The Affordable Dream Outing by Kevin Gardner
No longer should any avid outdoorsman have to sit back and watch others get the hunts that they themselves only dream of having a once in a lifetime chance at. So many great opportunities exist out there for folks willing to pull together their resources and plan together to make all of their dream hunting or fishing trips a reality.
If you have a small group of likeminded friends who would entertain a collective experience, consider the material before you. If you are not in touch with folks who have the interests that you do, turn to local sporting clubs or internet forums like this one where you can make the connections and enjoy what your equipment taxes are providing.
The topics and examples used here are placed within the framework of planning a hunting trip, but have a universal application to almost any outdoor activity in which you may engage yourself. In an effort to be timely for planning the coming season’s activities and meeting potential deadlines for obtaining permits or licensing, the success of these trips will rest on acting now.
A basic camp or group will face the following planning related duties and must react to be productive. Having someone responsible for gathering license information and studying that process, travel, lodging and scouting are true basics, however if planning to stay out of doors on the trip include; firewood gathering, privy and shower accommodations and ideally a dishwasher. If the group is not large enough to have a single person responsible for each, the duties must then be combined, but at least be aware of these considerations in the process of planning. Provided is an outline of each area for consideration:
License or Permits
With many states in the western part of the country rapidly approaching their big game draw license deadlines, know that there are already many that have passed as of late March. Still the Midwest and the East offer much later license purchase timeframes. This may also apply to turkey hunting or fishing for select species like salmon, so keep this in mind for future years.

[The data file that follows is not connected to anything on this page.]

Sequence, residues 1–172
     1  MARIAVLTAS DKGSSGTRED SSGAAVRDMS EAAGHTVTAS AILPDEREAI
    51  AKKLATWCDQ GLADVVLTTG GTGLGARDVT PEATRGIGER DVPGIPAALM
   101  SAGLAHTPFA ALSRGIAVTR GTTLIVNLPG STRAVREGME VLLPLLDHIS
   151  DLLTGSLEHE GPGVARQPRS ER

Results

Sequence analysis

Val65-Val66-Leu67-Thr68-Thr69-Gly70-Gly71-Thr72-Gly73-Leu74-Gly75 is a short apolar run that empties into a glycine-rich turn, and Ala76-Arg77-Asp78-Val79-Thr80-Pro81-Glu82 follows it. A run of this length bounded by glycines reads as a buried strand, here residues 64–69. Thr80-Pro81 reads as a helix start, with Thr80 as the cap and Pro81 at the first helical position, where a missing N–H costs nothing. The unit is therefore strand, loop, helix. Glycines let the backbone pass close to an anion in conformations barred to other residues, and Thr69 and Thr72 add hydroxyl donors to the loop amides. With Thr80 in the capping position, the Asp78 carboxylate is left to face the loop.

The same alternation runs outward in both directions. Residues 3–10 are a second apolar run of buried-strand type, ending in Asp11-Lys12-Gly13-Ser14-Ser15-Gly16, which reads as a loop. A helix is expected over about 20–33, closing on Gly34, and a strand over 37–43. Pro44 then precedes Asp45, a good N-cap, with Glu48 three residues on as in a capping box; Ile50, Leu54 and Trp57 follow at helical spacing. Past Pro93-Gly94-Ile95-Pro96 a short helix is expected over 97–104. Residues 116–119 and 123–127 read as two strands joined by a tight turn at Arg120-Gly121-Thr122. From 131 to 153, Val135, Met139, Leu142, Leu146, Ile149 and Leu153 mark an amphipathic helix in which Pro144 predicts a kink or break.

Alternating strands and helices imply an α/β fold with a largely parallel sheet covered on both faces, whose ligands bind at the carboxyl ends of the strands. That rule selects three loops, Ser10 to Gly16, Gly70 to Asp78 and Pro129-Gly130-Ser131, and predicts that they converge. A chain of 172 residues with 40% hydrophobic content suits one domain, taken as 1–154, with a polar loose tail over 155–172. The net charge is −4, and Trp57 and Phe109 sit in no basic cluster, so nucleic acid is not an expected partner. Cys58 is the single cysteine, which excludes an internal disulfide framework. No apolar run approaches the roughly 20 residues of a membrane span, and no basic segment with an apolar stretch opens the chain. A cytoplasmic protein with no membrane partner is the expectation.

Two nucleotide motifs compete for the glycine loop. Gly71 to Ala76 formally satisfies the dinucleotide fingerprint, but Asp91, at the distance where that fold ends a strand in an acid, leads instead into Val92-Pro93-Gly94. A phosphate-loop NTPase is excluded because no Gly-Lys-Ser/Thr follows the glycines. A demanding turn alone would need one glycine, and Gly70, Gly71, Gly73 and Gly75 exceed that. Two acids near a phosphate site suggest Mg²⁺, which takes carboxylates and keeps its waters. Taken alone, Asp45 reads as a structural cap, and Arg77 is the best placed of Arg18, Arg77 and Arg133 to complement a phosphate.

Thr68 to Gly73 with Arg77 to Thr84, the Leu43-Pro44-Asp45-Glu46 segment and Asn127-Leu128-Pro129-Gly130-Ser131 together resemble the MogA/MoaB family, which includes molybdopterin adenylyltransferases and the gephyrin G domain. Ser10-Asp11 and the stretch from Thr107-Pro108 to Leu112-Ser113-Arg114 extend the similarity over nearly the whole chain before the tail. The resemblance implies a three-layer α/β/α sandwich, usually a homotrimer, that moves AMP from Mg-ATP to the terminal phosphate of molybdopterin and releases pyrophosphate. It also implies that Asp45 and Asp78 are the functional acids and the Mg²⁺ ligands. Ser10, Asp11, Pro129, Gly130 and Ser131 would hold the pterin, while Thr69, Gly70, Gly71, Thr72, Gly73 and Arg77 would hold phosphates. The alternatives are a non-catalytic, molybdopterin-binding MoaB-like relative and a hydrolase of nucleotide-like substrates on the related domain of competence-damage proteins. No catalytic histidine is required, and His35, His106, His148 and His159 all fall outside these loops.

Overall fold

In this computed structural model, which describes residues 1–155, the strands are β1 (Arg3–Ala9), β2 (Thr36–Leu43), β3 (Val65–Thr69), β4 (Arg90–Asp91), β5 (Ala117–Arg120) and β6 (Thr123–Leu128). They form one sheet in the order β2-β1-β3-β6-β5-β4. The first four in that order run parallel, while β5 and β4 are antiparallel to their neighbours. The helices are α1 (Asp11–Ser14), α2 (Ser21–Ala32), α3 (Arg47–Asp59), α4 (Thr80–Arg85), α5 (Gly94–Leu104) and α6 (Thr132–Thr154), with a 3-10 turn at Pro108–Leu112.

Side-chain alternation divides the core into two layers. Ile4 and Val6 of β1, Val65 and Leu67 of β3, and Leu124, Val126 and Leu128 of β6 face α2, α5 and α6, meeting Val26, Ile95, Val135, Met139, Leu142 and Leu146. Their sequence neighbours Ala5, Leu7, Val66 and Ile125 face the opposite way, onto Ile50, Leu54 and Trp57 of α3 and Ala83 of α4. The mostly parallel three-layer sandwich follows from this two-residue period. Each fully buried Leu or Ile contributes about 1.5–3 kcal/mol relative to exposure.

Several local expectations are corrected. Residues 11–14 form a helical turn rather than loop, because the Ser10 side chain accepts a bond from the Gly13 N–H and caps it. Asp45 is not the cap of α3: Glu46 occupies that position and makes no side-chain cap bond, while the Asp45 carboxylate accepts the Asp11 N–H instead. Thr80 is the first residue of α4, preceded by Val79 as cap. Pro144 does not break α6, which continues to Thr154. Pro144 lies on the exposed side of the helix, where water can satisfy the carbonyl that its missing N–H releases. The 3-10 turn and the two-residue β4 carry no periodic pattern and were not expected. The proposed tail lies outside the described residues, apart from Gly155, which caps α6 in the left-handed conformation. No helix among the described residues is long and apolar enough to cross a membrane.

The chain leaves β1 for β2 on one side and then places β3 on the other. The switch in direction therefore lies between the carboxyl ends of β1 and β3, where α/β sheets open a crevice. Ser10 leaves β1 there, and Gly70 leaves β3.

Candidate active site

A great approach to the big game hunt for a larger group is the combination of license within the group. An example would be bear tags, bull elk tags, cow elk tags, buck tags and doe tags all held by different hunters that can be paired together by species to penetrate areas where the particular animal they have a tag for would be likely found. Keeping your mind on one or two species allows you to really do your homework and focus on the habitat and terrain that animal utilizes. This eliminates people having too many tags to really focus on and wind up trying to locate an area that they believe holds both species only to find it marginal for either at best. When paired in combination, the opportunity to have success is much greater.
Travel does indeed have its considerations. If you are planning a more remote trip far from home and the question to fly or drive is volleyed, the time versus money conversation needs to be had. It can be cost effective to do a collective drive-in with the switching of drivers to keep the wheels moving and cut the time as much as possible, but the fatigue of the trip is ever present no matter how many drivers and the additional time can span days. This can play a part in energy level at the time of the hunt as well.
Flying can be effective if booked correctly. There are much better days of the week and times to fly than others and consulting an agent or a friend that does a great deal of business travel may be helpful. With the current state of affairs in the economy, flights can be had cheaply and vehicle rentals on the other end can be pretty efficient as well. This also allows you to rent something that you may never have considered driving half way across the country to use on your trip.
RV rentals are available as well at most destinations, or within reason of one. Again, a piece of equipment you may never consider driving or towing for a thousand plus miles could be rented within a hundred miles of the hunt.
Travel coordinator: someone willing to plan the transportation needs, routes and practical needs of the group pre and post trip. Things like coordinating vehicles that can penetrate the area needed. Ample carrying capacity for gear and game, and the arrangements for returning with game if successful.